The Durk Pearson & Sandy Shaw®
Life Extension NewsTM
Volume 13 No. 2 • April 2010


Emerging Medicine: Cardioprotection and
Neuroprotection Against Ischemia-Reperfusion
Injury:

New Use for a Very Old Drug: Shifts Cellular Energy
Metabolism from
Mitochondrial Respiration to Glycolysis

A very interesting paper appeared in the March 2010 Nat Biotechnol.1a In ischemic diseases, such as stroke, angina, heart attacks, and sleep apnea, cells are exposed to hypoxia (deficiency of oxygen) with resulting adaptations, such as the induction of HIF (hypoxia inducible factor). One method that cells use to adapt to oxygen or nutrient deficiency is to shift energy metabolism from mitochondrial oxidative phosphorylation (the efficient ATP-generating pathway in which glucose is metabolized to CO2 and water) to glycolysis (a less efficient pathway for generating ATP in which glucose is metabolized to lactate under conditions of hypoxia). “... studies in animal models have shown that attenuating mitochondrial respiration can prevent the pathological consequences of ischemia-reperfusion injury in myocardial infarction and stroke.”1a It has also been suggested that, because mitochondrial respiration is the major source of reactive oxygen species, glucose to lactate (glycolysis) conversion may protect cells that depend upon it (such as rapidly reproducing cells and cancer cells) from oxidative stress.1b

The authors devised a small-molecule screen for detecting agents that shift energy metabolism from mitochondrial respiration to glycolysis in fibroblasts. They were particularly interested in molecules that induced very small shifts in metabolism, as “they may represent particularly safe drugs with which to manipulate energy metabolism.” As a result of this screen, the authors identified meclizine (Antivert), “which has been approved for the treatment of nausea and vertigo for decades, is available over the counter, has a favorable safety profile, and likely penetrates the blood-brain barrier given its efficacy in disorders of the central nervous system.”

Meclizine, they found, acts as a mild uncoupler of cellular oxygen consumption, without an effect on HIF. The researchers tested meclizine in an adult rat ventricular cardiomyocyte model of simulated ischemia-reperfusion injury and found that a 20 minute meclizine pre-incubation followed by washout before ischemia resulted in a dose-dependent protection of cardiomyocytes against cell death. “As with other cell types, meclizine inhibited oxygen consumption in cardiomyocytes in a dose-dependent manner.” The authors also found meclizine to preserve heart pump function after an ischemic event in perfused rat hearts. In another paper,2 the author suggests that “... persistent glycolysis is deleterious due to the generation of MG [methylglyoxal, a metabolite of glucose, and a potent glycating agent*], but brief periods of glycolysis could be hormetic.” In other words, brief periods of glycolysis induced by a mild mitochondrial uncoupler could act similarly to ischemic preconditioning. This might suggest using a mild uncoupler like meclizine at bedtime for people who suffer from intermittent hypoxia during sleep (sleep apnea).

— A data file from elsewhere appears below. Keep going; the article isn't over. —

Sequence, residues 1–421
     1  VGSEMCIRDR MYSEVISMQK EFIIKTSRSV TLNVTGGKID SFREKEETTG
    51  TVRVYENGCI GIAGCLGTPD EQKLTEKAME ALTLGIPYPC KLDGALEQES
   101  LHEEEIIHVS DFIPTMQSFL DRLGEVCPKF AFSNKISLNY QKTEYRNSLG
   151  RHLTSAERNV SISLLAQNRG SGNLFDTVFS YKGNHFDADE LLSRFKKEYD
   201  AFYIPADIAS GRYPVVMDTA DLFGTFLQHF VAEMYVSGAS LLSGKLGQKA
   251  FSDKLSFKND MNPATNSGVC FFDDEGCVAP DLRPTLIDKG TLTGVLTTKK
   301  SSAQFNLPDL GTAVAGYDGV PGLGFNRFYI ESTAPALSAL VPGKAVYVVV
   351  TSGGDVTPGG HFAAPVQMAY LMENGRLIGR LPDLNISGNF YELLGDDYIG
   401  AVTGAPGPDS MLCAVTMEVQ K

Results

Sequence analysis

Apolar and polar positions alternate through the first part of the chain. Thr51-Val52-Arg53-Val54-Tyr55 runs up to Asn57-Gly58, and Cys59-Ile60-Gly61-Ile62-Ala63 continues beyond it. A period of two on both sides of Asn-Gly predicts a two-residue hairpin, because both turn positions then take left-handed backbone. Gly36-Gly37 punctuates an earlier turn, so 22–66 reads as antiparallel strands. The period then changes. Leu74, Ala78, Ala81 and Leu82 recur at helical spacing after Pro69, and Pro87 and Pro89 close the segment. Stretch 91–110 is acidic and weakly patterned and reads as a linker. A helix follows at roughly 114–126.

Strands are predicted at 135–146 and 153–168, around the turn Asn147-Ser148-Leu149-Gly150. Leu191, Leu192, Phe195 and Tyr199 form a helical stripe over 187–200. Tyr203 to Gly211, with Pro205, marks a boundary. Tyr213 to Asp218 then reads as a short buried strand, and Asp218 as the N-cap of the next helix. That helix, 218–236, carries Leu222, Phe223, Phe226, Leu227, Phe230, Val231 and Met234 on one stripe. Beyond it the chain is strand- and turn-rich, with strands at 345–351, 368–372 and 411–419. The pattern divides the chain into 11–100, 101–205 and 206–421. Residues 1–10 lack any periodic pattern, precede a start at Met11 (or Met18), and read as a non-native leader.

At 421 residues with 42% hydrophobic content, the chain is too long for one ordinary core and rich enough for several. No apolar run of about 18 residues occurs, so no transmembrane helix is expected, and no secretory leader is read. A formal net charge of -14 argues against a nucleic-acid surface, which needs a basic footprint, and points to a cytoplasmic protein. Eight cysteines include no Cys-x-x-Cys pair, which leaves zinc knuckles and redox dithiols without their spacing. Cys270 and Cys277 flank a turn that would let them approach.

*Our formulation AGEless™ contains potent antiglycating agents (including carnosine, benfotiamine, histidine, alpha lipoic acid, vitamin B6, and rutin) that help prevent deleterious effects of glycating agents such as methylglyoxal.


As the authors explain, the potency of meclizine in attenuating mitochondrial respiration appears to vary across different cell types and, moreover, it is not clear whether the currently approved doses of meclizine (for nausea and vertigo) would achieve dose levels adequate for cardioprotection or neuroprotection. Hence, they suggest that more research be done on optimal dosing for efficacy and safety. However, it is unlikely that there will be much (if any) funding available for such research (though we would love to see it) on a 40 year old drug long beyond patent protection.

The use of meclizine at its current approved doses has a 40 year record of safety; hence, for those with ischemic diseases who are interested in experimenting with this drug, we would suggest you first discuss this with your physician and, if you do decide to use it, do NOT exceed the currently approved dose. If you have cancer, it would probably be a good idea to avoid any substance that would induce continuous glycolysis, as many cancer cells rely on glycolysis (called the Warburg effect in cancer cells) for generating energy, though it is not clear how a substance that induced short periods of glycolysis would affect glycolysis-addicted cancers. We do not recommend experimenting with meclizine if you have cancer.

References

1a. Gohil et al. Nutrient-sensitized screening for drugs that shift energy metabolism from mitochondrial respiration to glycolysis. Nat Biotechnol 28(3):249-55 (2010).
1b. Brand and Hermifisse. Aerobic glycolysis by proliferating cells, a protective strategy against reactive oxygen species. FASEB J 11:388-95 (1997).
2. Hipkiss. On the mechanisms of ageing suppression by dietary restriction — is persistent glycolysis the problem? Mech Ageing Dev 127:8-15 (2006).

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